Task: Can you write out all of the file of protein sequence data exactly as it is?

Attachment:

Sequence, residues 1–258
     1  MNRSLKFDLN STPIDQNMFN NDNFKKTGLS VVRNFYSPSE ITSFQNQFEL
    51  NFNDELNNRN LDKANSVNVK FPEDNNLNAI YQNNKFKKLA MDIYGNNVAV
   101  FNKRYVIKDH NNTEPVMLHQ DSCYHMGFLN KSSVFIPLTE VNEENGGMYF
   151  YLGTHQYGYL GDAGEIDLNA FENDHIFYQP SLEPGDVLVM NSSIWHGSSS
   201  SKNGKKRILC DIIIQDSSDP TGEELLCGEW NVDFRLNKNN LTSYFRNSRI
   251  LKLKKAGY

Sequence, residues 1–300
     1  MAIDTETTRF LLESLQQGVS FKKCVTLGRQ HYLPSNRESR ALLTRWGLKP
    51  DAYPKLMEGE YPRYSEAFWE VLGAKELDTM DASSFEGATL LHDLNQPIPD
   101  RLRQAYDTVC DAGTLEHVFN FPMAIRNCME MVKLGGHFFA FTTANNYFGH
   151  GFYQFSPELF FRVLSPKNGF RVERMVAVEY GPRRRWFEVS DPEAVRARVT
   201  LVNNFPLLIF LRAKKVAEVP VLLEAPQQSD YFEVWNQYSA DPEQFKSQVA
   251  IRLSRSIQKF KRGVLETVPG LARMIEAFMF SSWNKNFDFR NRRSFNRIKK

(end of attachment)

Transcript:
Sequence, residues 1–258
     1  MNRSLKFDLN STPIDQNMFN NDNFKKTGLS VVRNFYSPSE ITSFQNQFEL
    51  NFNDELNNRN LDKANSVNVK FPEDNNLNAI YQNNKFKKLA MDIYGNNVAV
   101  FNKRYVIKDH NNTEPVMLHQ DSCYHMGFLN KSSVFIPLTE VNEENGGMYF
   151  YLGTHQYGYL GDAGEIDLNA FENDHIFYQP SLEPGDVLVM NSSIWHGSSS
   201  SKNGKKRILC DIIIQDSSDP TGEELLCGEW NVDFRLNKNN LTSYFRNSRI
   251  LKLKKAGY

Sequence, residues 1–300
     1  MAIDTETTRF LLESLQQGVS FKKCVTLGRQ HYLPSNRESR ALLTRWGLKP
    51  DAYPKLMEGE YPRYSEAFWE VLGAKELDTM DASSFEGATL LHDLNQPIPD
   101  RLRQAYDTVC DAGTLEHVFN FPMAIRNCME MVKLGGHFFA FTTANNYFGH
   151  GFYQFSPELF FRVLSPKNGF RVERMVAVEY GPRRRWFEVS DPEAVRARVT
   201  LVNNFPLLIF LRAKKVAEVP VLLEAPQQSD YFEVWNQYSA DPEQFKSQVA
   251  IRLSRSIQKF KRGVLETVPG LARMIEAFMF SSWNKNFDFR NRRSFNRIKK